Mediation to arbitration in children matters: This “last brick in the arch” concept is particularly relevant in children matters. All too often parties can progress most of the way to a conclusion in mediation but then become stuck in a few last items. Falling back on the court process, they would usually be working from a levelled field, probably losing the excellent parent-informed structures successfully constructed in the faltering mediation. But in arbitration, the “building so far” can be imported intact with then – at relatively low cost and high speed – the final items being determined one way or the other (or something else entirely, provided that it promotes the child’s well-being and is thus in line with the law).
This may offer parents the best of all worlds in terms of self-determination (for all aspects where this is possible), and then the imposed conclusion for the remainder, minimising costs and avoiding delay.
One thing or the other but at least closure: Children Act ’89 applications are usually (always?) motivated by the family life that we want to have with our children. Ironic and tragic therefore that this life can start to go by whilst we are locked in the cost and uncertainty of litigation. Sometimes making it worse can be the Hobbesian jungle during the unregulated period post issue and pre judge involvement. As a solicitor in these situations, often clients say to me “I just need it resolved – I could live with one way or the other but we just need to know so we can get on with our lives.” My aim is to create a process that will bring these issues to a close … perhaps there is no magical 3rd route that leaves each side delighted (usually there isn’t) but at least let’s make closure fast and at contained cost and before the dispute can do more damage to the parents’ relationship that the children so need to be strong for the difficult business of separated co-parenting to go forward well.
Child Support – the CMS: those locked within the maze of the CMS may be desperate to find a way out. It may be possible to create structures in these cases that would permit resolution by arbitration. The CMS has been one of my compulsions since the scheme went live in 1993 and I am happy to explore what can be done to provide appropriate closure.
Procedural issues: I have long been interested in whether the court can use the easier & cheaper access to an arbitrator to relieve itself of some of the burdens of detailed case management stages, even whilst the rest of the case continues at court. “Yes” seems to come the answer from Moor J in CM v CM  EWFC 16 at para 10:
“High Court Judges are exceptionally busy. They do not have time to draft letters of instruction or even to determine disputes as to the wording of such letters …. If, however, in a future case, there is a genuine issue as to drafting, I consider it would be exactly the sort of matter that should be referred to an arbitrator who is accredited by the Institute of Family Law Arbitrators”.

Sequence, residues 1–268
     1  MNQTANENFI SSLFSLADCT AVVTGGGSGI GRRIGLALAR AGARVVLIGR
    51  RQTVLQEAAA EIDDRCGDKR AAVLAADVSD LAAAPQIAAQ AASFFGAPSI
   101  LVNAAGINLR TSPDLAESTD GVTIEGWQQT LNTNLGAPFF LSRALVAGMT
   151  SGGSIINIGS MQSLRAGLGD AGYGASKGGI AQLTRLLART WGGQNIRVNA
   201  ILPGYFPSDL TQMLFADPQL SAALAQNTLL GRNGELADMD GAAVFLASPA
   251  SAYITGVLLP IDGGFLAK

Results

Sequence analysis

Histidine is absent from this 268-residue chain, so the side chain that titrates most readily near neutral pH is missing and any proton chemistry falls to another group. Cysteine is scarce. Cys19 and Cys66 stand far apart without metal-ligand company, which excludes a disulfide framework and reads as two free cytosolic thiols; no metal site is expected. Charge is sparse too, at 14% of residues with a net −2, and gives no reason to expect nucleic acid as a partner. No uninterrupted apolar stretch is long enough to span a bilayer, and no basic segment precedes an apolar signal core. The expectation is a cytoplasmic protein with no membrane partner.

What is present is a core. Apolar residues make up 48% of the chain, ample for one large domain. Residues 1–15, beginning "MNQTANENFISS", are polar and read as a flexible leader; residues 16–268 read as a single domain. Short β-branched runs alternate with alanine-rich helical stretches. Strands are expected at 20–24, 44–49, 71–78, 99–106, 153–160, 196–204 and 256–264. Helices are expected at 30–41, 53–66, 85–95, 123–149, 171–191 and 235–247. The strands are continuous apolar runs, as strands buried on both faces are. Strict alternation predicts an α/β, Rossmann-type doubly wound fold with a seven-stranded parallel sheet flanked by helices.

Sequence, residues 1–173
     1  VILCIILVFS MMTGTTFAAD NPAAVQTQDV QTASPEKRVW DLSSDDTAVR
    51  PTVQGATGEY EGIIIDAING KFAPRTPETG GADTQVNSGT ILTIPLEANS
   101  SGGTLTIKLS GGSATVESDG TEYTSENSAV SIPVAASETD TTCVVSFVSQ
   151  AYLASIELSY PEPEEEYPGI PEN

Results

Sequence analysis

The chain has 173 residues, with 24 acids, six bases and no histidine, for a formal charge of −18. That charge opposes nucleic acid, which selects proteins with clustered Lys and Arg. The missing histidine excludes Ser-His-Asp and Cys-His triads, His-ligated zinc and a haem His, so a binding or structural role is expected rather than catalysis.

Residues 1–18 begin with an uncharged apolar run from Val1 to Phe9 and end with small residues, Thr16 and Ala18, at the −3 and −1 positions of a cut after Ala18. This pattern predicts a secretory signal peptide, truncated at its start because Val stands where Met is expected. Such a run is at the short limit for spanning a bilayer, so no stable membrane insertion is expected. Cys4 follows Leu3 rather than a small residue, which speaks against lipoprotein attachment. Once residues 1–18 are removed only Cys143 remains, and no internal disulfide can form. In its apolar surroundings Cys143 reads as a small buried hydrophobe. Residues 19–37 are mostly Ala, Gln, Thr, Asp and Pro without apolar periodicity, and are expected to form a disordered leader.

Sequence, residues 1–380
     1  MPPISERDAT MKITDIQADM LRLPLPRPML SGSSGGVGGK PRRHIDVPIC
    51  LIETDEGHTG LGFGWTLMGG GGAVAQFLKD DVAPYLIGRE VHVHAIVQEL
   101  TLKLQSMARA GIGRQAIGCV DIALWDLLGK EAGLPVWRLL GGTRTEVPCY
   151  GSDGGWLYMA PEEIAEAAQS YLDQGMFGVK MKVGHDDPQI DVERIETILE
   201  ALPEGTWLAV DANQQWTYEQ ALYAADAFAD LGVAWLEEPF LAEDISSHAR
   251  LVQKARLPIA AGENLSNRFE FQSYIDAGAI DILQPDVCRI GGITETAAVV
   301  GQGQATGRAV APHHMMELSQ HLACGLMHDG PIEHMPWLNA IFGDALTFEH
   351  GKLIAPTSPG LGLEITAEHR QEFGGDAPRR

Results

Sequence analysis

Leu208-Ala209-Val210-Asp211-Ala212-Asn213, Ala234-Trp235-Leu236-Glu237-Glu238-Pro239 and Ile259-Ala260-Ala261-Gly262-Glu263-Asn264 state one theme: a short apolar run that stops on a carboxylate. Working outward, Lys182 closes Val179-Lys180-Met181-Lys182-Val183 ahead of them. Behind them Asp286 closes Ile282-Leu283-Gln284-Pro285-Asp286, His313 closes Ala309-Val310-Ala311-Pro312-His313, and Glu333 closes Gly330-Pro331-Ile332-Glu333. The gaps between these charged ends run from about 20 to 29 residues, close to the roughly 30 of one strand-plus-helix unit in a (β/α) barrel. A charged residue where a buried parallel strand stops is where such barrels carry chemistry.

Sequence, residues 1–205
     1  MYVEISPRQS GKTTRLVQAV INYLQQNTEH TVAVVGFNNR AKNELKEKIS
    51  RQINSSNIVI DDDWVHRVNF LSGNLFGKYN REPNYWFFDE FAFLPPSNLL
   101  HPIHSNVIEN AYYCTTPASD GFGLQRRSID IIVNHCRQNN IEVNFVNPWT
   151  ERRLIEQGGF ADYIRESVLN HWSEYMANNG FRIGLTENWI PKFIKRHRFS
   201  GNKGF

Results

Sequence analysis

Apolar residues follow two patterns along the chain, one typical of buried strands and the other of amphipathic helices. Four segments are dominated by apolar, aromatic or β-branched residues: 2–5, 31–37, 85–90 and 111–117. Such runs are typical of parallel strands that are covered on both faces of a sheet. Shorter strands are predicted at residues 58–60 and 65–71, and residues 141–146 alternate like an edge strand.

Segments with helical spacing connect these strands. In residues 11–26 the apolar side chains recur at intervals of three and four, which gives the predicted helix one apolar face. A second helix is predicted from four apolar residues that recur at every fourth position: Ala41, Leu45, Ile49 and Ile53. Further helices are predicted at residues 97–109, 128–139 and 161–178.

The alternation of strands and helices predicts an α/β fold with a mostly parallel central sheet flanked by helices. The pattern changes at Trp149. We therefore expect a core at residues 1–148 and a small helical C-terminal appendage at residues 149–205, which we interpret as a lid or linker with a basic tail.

Technology: Once your arbitration is up and running, most arbitrators will list directions appointments to progress the case within a matter of days. Most of us can provide this service on line permitting speedy and low-cost progress for cases. We will all be familiar and comfortable with conducting hearings on line where this is preferred.
Principles: The object of arbitration is the safe and fair resolution of disputes that are within the scope of the IFLA scheme. We are led by the Arbitration Act 1996, which puts out front and centre the underlying principle:
“… the object of arbitration is to obtain the fair resolution of disputes by an impartial tribunal without unnecessary delay or expense; the parties should be free to agree how their disputes are resolved, subject only to such safeguards as are necessary in the public interest (s1 Arbitration Act 1996)
Safeguarding: at FLiP, we will generally provide an intake process through a colleague, who will work with you to assess what can be put in place to enable you to give of your best during this process.
First steps: I am pleased to talk to anyone (on a no-fee and no-obligation basis) about the process. Where case-specific discussions are needed then I would have such discussions with both sides on a conference call. I am happy to provide information in writing to assist the clients discuss with their advisors whether to adopt arbitration in preference to the available alternatives.
Further outreach through http://www.familyarbitrator.com/
Relevant skills & training
- An active mediator, having qualified with NFM in the late 1980s
- Trained in commercial model/ hybrid scheme mediation
- Collaborative practitioner qualified 2003
- FPC and G10 qualifications of CII
- Instrumental in the development of parenting after parting and trained in direct child consultation.
A fuller list is available at https://www.collaborativepractice.com/members/1215